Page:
Around 56 million years ago, there was an unmistakably warm period that appeared out of nowhere. The climate changed rapidly over just 500,000 years, a geological blink of an eye; all across the planet, temperatures shot up by as much as 8°C (14.4°F), triggering regional extinctions and overthrowing entire ecosystems’ hierarchies.
Even though the climate change signal has been clear for some time, it wasn’t clear at all what actually triggered it. Now, according to a new Nature study, we’ve finally found the culprit: a volcanic supereruption, of sorts.
An international team of researchers led by the University of Southampton decided to take another look at the so-called Palaeocene-Eocene Thermal Maximum (PETM). They were well aware that a huge release of carbon dioxide took place at the time, but where did it come from?
Carbon sources leave a signature. For example, carbon-12 is the primary variant (isotope) of that element that is trapped within the fossil fuels that we burn. Tracing this isotope is one of the primary fingerprints indicating that we are the reason there is now so much carbon dioxide in the atmosphere.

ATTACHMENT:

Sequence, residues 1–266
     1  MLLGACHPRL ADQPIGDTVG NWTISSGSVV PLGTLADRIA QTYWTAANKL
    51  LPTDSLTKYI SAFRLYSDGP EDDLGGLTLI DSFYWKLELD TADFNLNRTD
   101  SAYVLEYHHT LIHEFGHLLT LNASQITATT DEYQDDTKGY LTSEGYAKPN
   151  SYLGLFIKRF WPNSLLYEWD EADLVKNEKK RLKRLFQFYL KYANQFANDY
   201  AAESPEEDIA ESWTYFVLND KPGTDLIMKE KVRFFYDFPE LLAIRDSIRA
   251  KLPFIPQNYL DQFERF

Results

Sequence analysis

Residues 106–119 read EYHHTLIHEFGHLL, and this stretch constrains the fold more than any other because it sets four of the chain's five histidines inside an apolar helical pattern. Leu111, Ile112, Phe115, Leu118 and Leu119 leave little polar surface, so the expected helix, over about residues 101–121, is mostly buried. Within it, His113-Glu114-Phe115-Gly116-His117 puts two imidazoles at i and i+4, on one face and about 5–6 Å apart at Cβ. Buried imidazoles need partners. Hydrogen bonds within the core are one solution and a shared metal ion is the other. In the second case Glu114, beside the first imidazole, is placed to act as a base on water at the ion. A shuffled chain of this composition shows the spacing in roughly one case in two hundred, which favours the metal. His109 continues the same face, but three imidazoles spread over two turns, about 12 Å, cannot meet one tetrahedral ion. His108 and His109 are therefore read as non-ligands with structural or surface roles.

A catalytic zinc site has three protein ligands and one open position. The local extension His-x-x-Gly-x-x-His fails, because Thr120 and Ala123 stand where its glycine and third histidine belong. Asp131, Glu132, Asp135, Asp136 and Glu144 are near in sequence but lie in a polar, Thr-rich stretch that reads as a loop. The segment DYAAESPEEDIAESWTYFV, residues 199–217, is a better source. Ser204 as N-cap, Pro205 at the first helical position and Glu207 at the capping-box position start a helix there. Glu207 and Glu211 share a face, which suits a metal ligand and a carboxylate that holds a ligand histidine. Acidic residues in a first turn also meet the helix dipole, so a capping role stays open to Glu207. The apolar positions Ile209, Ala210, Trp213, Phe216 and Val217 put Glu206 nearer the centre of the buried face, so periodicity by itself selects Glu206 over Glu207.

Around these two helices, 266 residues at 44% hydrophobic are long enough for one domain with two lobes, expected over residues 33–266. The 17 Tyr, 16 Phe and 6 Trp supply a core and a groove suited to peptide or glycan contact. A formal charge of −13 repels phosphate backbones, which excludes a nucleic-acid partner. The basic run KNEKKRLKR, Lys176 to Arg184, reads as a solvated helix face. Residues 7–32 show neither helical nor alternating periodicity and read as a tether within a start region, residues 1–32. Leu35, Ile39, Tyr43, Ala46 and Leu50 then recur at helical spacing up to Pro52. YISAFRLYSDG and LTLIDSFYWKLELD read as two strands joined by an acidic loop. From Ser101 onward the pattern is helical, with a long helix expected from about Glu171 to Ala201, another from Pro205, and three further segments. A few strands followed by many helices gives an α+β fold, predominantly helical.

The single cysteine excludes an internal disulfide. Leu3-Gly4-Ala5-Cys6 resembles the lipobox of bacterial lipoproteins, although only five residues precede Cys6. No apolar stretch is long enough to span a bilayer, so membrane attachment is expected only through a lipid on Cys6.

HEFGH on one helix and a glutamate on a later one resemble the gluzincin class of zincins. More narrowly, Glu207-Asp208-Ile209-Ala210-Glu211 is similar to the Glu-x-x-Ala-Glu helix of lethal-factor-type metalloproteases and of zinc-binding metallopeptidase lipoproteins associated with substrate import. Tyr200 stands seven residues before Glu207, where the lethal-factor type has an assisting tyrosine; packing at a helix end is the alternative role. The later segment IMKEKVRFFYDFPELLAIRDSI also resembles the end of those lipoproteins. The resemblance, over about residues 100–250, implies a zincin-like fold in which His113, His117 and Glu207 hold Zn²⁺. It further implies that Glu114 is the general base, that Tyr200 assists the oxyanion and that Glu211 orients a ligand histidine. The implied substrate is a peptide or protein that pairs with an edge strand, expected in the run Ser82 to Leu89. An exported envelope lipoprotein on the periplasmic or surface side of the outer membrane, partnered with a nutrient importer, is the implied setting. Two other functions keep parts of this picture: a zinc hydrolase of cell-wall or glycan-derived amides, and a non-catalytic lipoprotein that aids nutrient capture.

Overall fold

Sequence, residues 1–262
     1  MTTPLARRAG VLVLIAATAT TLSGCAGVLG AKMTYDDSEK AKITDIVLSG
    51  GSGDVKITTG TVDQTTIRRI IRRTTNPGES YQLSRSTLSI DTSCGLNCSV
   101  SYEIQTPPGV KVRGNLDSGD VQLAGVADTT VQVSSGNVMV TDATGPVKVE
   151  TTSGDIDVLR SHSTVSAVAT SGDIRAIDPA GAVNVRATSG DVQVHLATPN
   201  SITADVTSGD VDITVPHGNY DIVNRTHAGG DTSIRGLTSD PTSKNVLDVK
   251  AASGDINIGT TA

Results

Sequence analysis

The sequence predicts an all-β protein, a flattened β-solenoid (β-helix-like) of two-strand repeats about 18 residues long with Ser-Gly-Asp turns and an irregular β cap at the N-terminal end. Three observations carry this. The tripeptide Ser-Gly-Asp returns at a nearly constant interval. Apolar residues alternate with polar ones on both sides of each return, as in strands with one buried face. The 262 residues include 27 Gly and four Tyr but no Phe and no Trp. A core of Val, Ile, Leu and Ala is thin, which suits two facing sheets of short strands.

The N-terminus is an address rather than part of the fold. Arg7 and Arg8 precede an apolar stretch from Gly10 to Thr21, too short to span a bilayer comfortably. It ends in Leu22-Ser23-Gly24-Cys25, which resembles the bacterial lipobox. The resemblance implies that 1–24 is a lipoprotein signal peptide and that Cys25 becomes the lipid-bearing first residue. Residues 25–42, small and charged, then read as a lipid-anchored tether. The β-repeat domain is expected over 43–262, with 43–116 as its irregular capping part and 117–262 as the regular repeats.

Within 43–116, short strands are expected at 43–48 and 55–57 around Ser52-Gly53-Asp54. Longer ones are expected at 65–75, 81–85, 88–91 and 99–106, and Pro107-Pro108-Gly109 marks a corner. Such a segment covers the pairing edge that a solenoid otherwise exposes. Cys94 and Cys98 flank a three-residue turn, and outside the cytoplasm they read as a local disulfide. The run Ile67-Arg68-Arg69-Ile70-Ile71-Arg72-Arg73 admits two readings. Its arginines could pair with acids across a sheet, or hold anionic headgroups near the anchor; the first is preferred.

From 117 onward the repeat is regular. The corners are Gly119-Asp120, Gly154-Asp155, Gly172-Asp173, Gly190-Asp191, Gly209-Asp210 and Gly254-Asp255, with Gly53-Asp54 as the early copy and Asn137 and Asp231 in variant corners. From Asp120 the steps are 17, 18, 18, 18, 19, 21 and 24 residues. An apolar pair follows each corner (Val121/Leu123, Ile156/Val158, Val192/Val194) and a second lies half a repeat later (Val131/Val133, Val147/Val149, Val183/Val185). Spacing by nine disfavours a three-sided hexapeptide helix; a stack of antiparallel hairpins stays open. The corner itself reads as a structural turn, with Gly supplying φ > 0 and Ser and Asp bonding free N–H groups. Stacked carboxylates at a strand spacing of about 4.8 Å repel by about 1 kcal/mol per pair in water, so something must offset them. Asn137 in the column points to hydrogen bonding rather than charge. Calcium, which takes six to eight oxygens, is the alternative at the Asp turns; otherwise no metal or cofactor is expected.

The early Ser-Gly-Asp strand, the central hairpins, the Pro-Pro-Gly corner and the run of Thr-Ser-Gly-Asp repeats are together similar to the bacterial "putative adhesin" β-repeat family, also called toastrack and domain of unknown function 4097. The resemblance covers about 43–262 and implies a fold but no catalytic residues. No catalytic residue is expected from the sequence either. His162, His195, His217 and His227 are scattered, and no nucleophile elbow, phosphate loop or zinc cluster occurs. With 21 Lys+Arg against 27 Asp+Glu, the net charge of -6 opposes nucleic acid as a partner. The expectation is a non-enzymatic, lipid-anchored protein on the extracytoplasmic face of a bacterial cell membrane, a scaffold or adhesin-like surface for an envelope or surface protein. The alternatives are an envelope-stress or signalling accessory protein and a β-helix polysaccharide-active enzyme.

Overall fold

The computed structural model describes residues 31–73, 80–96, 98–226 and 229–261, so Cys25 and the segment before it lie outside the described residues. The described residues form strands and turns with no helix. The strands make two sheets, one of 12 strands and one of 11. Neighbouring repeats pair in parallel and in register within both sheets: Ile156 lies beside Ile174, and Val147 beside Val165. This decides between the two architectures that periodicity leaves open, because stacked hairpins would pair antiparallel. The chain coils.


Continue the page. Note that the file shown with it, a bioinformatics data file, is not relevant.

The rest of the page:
The team in this case decided to analyze the geochemistry of the remnants of tiny sea creatures known as foraminifera. Their shells are normally made of calcium carbonate, and the carbon within them can be used by researchers to see what kind of chemistry – and carbon releases – featured in the seas of the world 56 million years before now.
Combining their data with a cutting-edge climate model, the team calculated not only how much carbon was unleashed during the PETM, but where it came from. The final tally was 30 times the amount released by all the fossil fuels humanity has combusted to date – and only one event happening at the time could explain such a vast quantity.
Back then, Greenland was splitting away from Europe, and the North Atlantic Ocean was taking shape. When this type of continental rifting occurs, large upwellings of mantle material take place at the central rifting zone. This triggers a high degree of melt, which generates profound volcanism.
The PETM, then, was almost certainly caused by this gigantic melting zone, permitting a long-lasting volcanic supereruption to change the face of the Earth, for better or worse.